An entire universe of pop-culture observers has expected Taylor Swift to be perfect for a while now, and that makes complete sense. The 28-year-old’s eight-year, record-breaking, record industry-changing run from her self-titled 2006 country-music debut to 2014’s pop-music gem 1989 has felt flawless at nearly every turn. Her current tour sold almost 398,000 tickets in its first five venues and boasted sales of $54 million (the entire run could potentially top the $400 million mark, according to Billboard).
But here’s an obvious truth: Swift has never been completely flawless. On Tuesday night in Tampa — in front of what felt like a sold-out Raymond James Stadium — some of Swift’s shortcomings were obvious. For starters, she sweats.
[Editor's note: it has come to our attention that this bit of humor equating Taylor sweating to her to not being flawless is not so easy to interpret for some, so here's a little clarity: it's a joke.]
The first signs of perspiration emerged after she shimmied and shook through the pyro-laden spectacle of “I Did Something Bad,” and by the time Swift took a breather before a solo acoustic take on “Invisible” the droplets on her forehead had almost developed into a minor case of diaphoresis.
“I keep thinking that it’s raindrops, but it’s just... sweat,” Swift divulged, matter-of-factly, to about 60,000 of her closest friends. “So that’s an overshare for you.”
Swift — whose bangs were also ruined when she got to an 808-and-oversized-drum-driven take on “King Of My Heart” — would be drenched in the wet stuff by the time set-closer “This Is Why We Can’t Have Nice Things” rolled around, but she let the 23-song, two-hour show tell the rest of the story of what’s happened between her last Tampa visit (a 2015 Halloween spectacular) and Tuesday night’s show in support of her 2017 skin-shedding album reputation.
To get non-Swifties up to speed, 2016 saw some drama unfold when Kim Kardashian-West questionably released a small portion of a phone call between Swift and Kanye West who called the pop-singer to discuss the lyrics to his song, “Famous,” in which he says some unsavory things about Swift. You can get get fully caught up, depending on your tolerance for internet drama and hashtag warfare, via Cosmopolitan — because where the fuck else would you read that kind of bullshit?.
The shade was a shame, and in a way it was a stain on what was until then a relatively spotless existence for Swift. The difficult time, however, resulted in a new album that was more unveiled than anything Swift had released before.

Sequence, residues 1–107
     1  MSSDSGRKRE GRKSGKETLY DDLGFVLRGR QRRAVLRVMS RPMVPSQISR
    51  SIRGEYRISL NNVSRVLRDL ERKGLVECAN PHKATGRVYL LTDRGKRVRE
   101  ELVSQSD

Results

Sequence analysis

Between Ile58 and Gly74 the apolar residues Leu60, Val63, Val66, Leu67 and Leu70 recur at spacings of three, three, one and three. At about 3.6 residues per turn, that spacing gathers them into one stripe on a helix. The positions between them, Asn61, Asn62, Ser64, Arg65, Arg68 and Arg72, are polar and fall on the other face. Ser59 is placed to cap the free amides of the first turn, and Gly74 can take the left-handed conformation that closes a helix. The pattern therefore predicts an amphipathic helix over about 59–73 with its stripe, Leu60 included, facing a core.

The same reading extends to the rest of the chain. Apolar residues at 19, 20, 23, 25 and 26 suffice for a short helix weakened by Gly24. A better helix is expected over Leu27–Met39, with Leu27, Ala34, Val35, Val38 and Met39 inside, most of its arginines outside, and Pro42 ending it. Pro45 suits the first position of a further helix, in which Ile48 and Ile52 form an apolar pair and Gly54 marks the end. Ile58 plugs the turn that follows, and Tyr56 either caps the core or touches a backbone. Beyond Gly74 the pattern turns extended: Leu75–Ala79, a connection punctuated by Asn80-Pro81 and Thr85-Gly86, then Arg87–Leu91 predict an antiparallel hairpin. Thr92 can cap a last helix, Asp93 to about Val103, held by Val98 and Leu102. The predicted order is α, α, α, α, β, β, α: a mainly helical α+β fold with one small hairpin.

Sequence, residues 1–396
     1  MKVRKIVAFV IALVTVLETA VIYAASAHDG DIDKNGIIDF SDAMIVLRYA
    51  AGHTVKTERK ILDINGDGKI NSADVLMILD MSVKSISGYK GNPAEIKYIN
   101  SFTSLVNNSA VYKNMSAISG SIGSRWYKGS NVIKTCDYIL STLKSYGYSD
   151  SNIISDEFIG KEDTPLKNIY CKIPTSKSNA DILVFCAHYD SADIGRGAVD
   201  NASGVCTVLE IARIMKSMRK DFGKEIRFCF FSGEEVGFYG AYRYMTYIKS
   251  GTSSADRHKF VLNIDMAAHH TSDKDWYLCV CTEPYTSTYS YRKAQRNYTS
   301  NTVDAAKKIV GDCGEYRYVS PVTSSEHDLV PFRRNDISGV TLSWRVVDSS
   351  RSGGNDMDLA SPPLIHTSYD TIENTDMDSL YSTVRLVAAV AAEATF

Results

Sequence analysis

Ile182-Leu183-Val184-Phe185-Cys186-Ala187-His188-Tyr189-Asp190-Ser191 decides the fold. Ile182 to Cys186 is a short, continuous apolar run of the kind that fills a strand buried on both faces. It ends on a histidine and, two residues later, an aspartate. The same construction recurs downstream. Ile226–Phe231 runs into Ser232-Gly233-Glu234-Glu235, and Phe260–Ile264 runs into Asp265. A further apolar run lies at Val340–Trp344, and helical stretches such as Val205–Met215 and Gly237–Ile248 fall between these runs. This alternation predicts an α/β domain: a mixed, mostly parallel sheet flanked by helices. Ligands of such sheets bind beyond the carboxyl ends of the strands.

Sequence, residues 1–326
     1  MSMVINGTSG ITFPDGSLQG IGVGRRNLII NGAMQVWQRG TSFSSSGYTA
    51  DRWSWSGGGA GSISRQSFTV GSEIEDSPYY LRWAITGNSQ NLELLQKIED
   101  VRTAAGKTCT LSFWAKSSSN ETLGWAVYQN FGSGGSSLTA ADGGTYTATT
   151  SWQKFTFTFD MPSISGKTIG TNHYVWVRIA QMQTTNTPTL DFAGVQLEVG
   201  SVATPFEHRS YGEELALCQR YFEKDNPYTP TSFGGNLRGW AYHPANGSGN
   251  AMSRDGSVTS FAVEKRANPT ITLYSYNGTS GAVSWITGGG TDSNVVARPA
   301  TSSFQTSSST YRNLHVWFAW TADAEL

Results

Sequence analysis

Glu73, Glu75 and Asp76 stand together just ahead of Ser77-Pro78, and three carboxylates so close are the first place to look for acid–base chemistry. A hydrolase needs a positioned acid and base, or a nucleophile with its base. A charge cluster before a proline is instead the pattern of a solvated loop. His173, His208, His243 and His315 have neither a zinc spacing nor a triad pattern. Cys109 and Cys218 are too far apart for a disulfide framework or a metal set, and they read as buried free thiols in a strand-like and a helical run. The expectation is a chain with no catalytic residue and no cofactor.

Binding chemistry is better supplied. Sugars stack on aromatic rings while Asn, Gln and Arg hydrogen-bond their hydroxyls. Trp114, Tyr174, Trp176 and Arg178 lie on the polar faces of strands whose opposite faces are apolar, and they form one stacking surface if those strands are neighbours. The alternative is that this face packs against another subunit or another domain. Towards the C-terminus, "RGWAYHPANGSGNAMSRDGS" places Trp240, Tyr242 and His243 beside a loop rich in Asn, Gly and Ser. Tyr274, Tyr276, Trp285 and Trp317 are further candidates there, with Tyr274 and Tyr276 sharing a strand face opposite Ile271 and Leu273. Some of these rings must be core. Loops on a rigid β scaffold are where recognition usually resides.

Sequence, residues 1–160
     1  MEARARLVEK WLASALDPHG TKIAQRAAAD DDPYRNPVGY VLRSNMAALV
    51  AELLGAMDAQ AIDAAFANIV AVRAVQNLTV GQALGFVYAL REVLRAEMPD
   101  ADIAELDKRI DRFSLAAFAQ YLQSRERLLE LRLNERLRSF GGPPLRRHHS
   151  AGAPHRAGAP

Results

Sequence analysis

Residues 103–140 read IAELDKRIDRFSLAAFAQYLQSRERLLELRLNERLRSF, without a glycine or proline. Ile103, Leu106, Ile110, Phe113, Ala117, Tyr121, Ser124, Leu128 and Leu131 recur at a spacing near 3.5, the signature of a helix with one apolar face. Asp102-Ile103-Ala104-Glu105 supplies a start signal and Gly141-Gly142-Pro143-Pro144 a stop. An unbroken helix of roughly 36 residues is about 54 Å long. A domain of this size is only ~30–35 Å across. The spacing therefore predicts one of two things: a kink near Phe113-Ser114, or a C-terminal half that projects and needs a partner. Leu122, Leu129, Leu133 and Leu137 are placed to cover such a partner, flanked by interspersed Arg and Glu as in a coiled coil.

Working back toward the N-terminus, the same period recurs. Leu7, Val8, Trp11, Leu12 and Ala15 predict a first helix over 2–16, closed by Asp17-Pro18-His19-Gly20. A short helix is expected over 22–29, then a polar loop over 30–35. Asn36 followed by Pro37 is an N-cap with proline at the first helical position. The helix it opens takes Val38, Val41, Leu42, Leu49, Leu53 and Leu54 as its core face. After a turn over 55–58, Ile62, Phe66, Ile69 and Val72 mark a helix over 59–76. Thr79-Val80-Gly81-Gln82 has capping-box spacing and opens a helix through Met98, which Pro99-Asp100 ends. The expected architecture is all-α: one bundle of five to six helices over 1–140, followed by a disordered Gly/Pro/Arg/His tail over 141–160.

“We are not the opinion of people who don’t know us or care about you,” she told Raymond James Stadium during that 2015 tour stop. That doesn’t mean you shouldn’t stand up for yourself, according to reputation.
The album found Swift working with familiar names (Jack Antonoff, Swedish pop hitmakers Max Martin and Johan Schuster) who appeared in the credits for 1989, but most of reputation’s 15 tracks are darker, moodier, more sexual and, well, even cooler than anything Swift had done before. Not easy to digest on first listen, repeated spins of reputation allow the listener to almost feel the betrayal and hurt that accumulates during a decade in the public eye. At times the recording is overwhelming. Played out live on a main stage that is 110 feet tall (plus two B-stages towards the center of the field), reputation is a behemoth thanks in no small part to catwalks that are extensions of the larger-than-IMAX video screens, giant inflatable snakes that rise and fall on all three stages, fireworks, pyro and an army of dancers that at times appeared right out of Game of Thrones. The live camera angles and cinematography of video vignettes made the stadium show feel like a real-life concert documentary.
While detailed examinations of the spectacle that is the reputation tour are prime examples of expert-level pop-fandom, no amount of internet research can prepare fans for the feels that accompany grandiose, blood-red set opener “...Ready For It?” or the anthemic power of a pastel-pink medley of “Style,” “Love Story” and “You Belong With Me.” Backup singers sounded like a choir on the ground-shaking “Don’t Blame Me.” Another medley — “Bad Blood” and “Should’ve Said No,” for which the arena looked like the inside of a red-and-white disco ball — was masterful in the way it worked banjo plinks from Swift’s self-titled debut into the big beats of the 1989 highlight (credit musical director David Cook, who clearly meshes well with the direction Swift has laid out). A mid-set, candy-colored take on 2015 set-closer “Shake It Off” was accented by the opulent innocence of watching openers Camila Cabello and Charli XCX join Swift’s troupe on the B-stage, but the night’s heroine was less of a circus ringmaster and best when she batted her eyes, vogued and popped while playing the role of confident commander on songs like “Blank Space” and “We Are Never Ever Getting Back Together.”